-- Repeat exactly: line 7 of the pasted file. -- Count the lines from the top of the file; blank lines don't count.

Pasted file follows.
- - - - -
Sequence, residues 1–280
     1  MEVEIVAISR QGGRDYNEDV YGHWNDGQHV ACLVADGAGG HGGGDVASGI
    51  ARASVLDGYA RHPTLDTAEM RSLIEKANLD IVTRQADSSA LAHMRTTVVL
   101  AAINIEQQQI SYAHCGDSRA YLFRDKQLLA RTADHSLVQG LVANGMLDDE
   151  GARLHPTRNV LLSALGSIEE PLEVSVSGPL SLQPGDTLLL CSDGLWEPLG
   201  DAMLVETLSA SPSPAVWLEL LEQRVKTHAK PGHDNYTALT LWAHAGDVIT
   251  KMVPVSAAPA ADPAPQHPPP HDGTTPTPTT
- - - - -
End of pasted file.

   251  KMVPVSAAPA ADPAPQHPPP HDGTTPTPTT